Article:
Wholemeal Brown Bread with Pumpkinseeds

I wanted to make this bread anyway but I also knew it would be a glorious accompaniment to my soup – look at me: homemade soup and homemade bread! Someone put me on tv, I am just that annoying! Just like the soup, it comes from the November edition of Food & Wine, my best friend in these challenging times of unemployment. Boooooo!

This guy requires no yeast, hurrah!, so it takes next to no time to make. It makes two loaves so be generous and give some away to a friend. I am still trying to get through my second loaf – my bowels have been hit with an onslaught of serious fibre. They don’t know whether to rejoice, go on strike or go into hyperdrive. I’ll let you know next week.

By the way, I went to Tesco and couldn’t find wheatgerm in the flour aisle. I assume that’s where it should logically be found but sometimes grocery stores attempt to defy logic just to piss me off (like Dunnes Stores hiding the entire milk section down the back, in the very back corner of the store, on a day when I left the house without my glasses). I don’t know what the wheatgerm would do for the bread – I just added more wholemeal flour. Also, the recipe calls for 40g of pinhead oats (which I had) and 40g of regular porridge oats (which I did not have and wasn’t arsed buying a whole bag of porridge just for that measly addition so I went with all pinhead oats, so sue me).

Wholemeal Brown Bread with Pumpkinseeds

450g wholemeal flour
80g pinhead oats (or whatever kind of oats you want to use)
150g self-raising flour
75g pumpkin seeds (plus some extra for going on top)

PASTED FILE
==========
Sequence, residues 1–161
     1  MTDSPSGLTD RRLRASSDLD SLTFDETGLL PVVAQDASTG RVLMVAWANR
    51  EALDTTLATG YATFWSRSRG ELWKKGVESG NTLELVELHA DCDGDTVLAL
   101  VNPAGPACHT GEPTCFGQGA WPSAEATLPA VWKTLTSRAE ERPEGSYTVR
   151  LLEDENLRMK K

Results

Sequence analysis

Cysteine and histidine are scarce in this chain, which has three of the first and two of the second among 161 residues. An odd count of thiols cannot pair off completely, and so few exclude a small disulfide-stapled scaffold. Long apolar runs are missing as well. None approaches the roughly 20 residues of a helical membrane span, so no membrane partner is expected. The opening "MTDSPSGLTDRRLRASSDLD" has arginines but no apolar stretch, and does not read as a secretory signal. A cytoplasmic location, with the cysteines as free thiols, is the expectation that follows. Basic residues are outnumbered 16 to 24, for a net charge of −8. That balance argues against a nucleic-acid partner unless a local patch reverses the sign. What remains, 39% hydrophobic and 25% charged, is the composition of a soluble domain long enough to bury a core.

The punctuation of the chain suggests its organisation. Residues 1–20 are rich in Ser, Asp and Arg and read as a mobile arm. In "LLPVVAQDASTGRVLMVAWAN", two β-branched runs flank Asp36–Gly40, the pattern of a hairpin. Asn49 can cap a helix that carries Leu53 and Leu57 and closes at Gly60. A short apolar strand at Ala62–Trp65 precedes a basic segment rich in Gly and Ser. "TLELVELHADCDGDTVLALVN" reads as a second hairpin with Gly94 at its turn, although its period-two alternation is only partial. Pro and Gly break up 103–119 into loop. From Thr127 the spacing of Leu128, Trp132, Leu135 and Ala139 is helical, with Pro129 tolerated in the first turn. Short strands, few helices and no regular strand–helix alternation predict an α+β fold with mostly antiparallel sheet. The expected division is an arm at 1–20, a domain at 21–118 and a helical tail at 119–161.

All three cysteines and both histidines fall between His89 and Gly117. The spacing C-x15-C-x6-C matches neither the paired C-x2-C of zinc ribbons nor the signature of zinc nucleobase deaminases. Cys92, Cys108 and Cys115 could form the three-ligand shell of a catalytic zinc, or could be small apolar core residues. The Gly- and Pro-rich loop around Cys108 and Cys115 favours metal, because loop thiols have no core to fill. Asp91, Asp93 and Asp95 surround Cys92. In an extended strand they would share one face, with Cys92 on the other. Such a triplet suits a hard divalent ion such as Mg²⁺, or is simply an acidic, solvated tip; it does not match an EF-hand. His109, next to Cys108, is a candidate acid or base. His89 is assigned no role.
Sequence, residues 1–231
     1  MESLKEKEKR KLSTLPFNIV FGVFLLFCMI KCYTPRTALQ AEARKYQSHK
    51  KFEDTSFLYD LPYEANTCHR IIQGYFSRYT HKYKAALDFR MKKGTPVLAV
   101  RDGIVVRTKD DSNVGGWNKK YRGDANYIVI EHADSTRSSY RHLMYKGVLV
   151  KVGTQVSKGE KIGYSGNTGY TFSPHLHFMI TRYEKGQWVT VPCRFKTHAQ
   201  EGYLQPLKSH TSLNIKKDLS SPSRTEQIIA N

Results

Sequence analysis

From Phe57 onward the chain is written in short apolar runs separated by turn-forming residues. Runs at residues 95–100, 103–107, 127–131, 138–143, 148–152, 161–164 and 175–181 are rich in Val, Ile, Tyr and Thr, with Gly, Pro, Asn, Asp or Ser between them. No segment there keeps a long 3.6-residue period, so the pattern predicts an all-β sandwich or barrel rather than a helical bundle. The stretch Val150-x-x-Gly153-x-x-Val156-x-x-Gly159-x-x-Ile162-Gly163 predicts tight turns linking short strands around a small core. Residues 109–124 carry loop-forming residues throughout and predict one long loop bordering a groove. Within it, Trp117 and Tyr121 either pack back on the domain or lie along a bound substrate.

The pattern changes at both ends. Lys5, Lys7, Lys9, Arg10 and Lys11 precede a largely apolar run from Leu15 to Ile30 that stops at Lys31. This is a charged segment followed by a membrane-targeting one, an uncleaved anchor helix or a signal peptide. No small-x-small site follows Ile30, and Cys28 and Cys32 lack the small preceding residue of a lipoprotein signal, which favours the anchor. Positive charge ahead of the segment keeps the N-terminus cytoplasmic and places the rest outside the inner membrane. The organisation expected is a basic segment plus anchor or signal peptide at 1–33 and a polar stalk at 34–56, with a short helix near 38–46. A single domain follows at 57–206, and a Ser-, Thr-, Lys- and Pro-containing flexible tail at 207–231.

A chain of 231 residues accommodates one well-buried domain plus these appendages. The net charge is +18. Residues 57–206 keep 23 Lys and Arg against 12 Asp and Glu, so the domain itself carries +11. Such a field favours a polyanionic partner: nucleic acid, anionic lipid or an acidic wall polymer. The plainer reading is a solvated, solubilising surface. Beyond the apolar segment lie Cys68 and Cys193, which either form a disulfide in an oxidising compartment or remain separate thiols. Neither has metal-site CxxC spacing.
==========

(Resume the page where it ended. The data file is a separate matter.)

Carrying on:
2 level tsp bicarb soda/bread soda, sieved
1 level tsp salt
2 tblsp treacle
400ml+ buttermilk (use extra buttermilk if dough is too dry, see #3 below)
 

1. Preheat the oven to 180C. Grease and flour two 1lb loaf tins.

2. Mix all the dry ingredients together.

3. Add treacle to 400ml of buttermilk (warning: do not eat treacle, it is wicked, and not in a good way). Heat gently in the microwave and stir to mix the treacle in with the milk.

4. Pour the 400ml of milk into the flour mixture, keeping a little extra in case your dough is too dry and won’t come together. Mix with a wooden spoon. Then get in with your hands to form a slightly sticky – but not wet – ball of dough. Divide in half.

5. Put a half bunch of dough in each loaf tin and smooth out with the back of a wet spoon or a spatula. Sprinkle the extra pumpkinseeds on top and press them in gently.

6. Oven for 20mins. Then reduce the heat to 160C for another 20mins. Check the doneness* of the bread by inserting a skewer or toothpick into the middle of a loaf. If it comes out clean, you’re in business.

7. Allow the breads to cool on a wire rack. They taste bangin’ with butter and raspberry jam, or dip a slice in your Butternut Squash soup!

* Bet you’re thinking “doneness” isn’t a word. It sounds made up, a bit like “to oven”. But apparently it is a perfectly acceptable word and I would know because a cool chef friend told me so when I giggled at his use of the word.

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